When we are born, we are like a blank canvas, and we are formed from what we are taught from what surrounds us and as we grow old we reflect our environment, as well as the things we learn from our personal experience. I grew up in a conservative family and with a right political trend, and I was always taught to listen to my grandfather and not to contradict him as a way of respect for his knowledge. Among the many things I learned from my grandfather, one of them was to believe that mining in Colombia was one of the best ways to make the economy stronger. As I got older and saw a parallel reality, I think there are other ways to generate work in my country like agricultural small and medium businesses.
The Cerrejón is one of the largest coalmines in the world, is located in northern Colombia in the states of La Guajira, east of the Sierra Nevada of Santa Marta. The company responsible for the management and mineral extraction consists of three private foreign companies. According to a report from Cerrejón, in 2012 were extracted about 3,000 million dollars of coal, which represents one of the largest taxpayers in the country. When I was little my grandfather worked in this company, and he used to say that mining, especially in this area, was one of the best legal ways to produce work and simultaneously generate revenue for the country, and thus the studies show that. I, like my cousins and brothers, grew up thinking like my grandfather.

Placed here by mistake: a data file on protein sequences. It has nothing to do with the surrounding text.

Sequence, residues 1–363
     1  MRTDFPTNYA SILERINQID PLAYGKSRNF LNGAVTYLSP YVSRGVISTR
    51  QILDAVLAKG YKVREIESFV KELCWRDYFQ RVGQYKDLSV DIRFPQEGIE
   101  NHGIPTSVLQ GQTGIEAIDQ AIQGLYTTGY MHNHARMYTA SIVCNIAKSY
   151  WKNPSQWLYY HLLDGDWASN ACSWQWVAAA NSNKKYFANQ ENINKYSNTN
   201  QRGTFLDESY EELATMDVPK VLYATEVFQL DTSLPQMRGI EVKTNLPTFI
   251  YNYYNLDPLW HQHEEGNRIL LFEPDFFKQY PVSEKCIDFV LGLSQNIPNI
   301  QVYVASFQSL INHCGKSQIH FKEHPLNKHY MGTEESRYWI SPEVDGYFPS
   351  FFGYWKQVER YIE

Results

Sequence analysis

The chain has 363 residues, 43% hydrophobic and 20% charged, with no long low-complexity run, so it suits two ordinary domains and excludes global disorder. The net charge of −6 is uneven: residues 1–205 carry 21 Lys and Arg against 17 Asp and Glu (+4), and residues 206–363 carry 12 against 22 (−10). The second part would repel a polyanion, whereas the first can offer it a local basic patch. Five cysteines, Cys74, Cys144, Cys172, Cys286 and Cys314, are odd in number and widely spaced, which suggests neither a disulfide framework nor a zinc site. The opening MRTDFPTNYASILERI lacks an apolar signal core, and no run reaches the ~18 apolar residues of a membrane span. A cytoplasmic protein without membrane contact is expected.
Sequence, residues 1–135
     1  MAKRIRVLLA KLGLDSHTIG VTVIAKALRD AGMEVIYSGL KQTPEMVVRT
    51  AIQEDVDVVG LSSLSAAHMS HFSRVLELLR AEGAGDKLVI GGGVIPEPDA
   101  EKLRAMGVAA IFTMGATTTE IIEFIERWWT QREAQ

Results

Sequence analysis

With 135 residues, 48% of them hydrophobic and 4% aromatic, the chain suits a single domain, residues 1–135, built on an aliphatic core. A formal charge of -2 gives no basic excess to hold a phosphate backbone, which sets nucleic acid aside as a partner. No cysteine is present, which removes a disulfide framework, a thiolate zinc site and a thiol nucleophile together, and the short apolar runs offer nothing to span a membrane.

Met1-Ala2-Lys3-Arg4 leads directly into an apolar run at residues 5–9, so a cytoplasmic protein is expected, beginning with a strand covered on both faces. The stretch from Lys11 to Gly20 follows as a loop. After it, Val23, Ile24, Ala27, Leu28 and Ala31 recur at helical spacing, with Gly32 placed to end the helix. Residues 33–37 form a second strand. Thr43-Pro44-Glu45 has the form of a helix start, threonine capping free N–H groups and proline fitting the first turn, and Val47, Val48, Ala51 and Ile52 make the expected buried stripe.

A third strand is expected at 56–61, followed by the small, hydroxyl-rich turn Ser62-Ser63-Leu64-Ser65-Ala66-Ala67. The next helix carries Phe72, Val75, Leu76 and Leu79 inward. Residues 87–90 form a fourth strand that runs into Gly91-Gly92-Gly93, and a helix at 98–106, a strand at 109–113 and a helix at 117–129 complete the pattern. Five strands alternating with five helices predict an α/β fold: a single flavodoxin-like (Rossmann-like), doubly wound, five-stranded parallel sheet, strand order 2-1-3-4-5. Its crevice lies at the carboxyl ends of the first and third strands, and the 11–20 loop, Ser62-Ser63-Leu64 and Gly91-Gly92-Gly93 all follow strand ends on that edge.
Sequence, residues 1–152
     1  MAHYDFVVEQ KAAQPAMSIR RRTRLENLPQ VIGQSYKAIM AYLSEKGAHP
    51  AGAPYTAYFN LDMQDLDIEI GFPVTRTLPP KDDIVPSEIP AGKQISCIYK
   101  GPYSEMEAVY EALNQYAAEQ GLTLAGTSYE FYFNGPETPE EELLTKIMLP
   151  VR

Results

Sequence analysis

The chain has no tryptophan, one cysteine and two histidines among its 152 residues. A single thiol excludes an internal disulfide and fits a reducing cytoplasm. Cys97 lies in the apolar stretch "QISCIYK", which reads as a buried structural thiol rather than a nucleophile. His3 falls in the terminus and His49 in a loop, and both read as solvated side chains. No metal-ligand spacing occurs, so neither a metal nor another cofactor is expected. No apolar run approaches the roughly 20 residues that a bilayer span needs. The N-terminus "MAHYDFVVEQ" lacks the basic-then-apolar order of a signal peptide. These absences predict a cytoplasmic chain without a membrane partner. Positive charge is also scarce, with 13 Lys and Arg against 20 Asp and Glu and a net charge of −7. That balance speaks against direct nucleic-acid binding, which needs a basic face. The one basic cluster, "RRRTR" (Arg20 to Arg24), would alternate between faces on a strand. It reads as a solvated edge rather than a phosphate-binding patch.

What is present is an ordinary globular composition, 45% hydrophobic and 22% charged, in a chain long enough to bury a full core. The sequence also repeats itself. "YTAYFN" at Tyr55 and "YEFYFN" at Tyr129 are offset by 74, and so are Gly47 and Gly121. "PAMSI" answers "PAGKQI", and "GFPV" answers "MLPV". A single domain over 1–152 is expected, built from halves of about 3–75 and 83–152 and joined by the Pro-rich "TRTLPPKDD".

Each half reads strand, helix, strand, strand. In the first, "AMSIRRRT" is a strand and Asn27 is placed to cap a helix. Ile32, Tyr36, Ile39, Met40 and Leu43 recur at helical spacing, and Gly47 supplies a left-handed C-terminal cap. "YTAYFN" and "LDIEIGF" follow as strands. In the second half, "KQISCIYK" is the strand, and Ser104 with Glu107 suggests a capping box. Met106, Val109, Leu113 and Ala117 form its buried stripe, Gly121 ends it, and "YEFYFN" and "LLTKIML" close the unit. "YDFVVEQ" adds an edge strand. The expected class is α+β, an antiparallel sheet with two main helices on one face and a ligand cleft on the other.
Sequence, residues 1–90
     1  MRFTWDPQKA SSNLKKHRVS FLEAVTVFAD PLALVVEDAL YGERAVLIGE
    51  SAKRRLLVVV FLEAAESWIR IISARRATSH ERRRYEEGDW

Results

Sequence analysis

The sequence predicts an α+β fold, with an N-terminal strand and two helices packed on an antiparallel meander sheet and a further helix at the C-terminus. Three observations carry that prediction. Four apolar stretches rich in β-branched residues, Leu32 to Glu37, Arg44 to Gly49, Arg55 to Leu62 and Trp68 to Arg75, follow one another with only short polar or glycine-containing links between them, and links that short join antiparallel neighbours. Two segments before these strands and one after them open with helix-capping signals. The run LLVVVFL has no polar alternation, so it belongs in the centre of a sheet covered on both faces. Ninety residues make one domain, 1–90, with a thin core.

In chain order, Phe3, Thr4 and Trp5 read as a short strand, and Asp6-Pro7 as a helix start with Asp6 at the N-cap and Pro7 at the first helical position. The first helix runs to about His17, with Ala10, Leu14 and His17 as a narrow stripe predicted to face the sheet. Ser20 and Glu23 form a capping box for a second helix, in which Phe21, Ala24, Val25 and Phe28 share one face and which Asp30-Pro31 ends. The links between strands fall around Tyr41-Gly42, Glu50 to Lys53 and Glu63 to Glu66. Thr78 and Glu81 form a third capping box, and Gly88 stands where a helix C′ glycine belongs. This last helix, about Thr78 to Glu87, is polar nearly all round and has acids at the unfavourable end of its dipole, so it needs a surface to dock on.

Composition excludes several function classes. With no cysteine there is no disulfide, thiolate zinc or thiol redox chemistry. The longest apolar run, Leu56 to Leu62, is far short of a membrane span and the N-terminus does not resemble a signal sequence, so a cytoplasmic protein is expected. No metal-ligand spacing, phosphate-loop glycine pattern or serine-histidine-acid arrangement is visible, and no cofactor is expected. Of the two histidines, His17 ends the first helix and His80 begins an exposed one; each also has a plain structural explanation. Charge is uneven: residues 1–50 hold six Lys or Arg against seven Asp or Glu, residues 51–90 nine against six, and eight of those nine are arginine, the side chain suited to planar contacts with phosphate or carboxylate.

It was not until three years that I met a parallel reality from the one that was taught to me. I traveled with my school to meet this wonderful state, La Guajira. A state where you can enjoy a unique landscape in the world, a dominant desert that emerges from the Caribbean Sea; where in addition you can meet a wonderful indigenous culture called Wayuu. From the first day, I noticed the lack of food and water in indigenous populations, called “rancherias.” Hungry children stopped the trucks in which we were crossing the desert in order to beg for a few coins. You cannot imagine these children’s faces when we gave them food, water bottles or candies, which probably they had never seen.
La Guajira has one of the biggest indices of infant mortality by malnutrition in Latin America, due to the lack of water, and therefore food. In one of the “rancherias “where we stayed, the water was transported in buses from borehole built over 100 kilometers from the Rancheria, more than 50 years ago. Right there, they had a cemetery with dozens of graves of children under 5 years old who had died from malnutrition. According to El Tiempo, the most important newspaper in the country, 35 of every 100 children die of malnutrition in La Guajira. These figures are alarming because the children that survive grow up without the basic resources.
At that time I started to ask myself, how is it possible that in one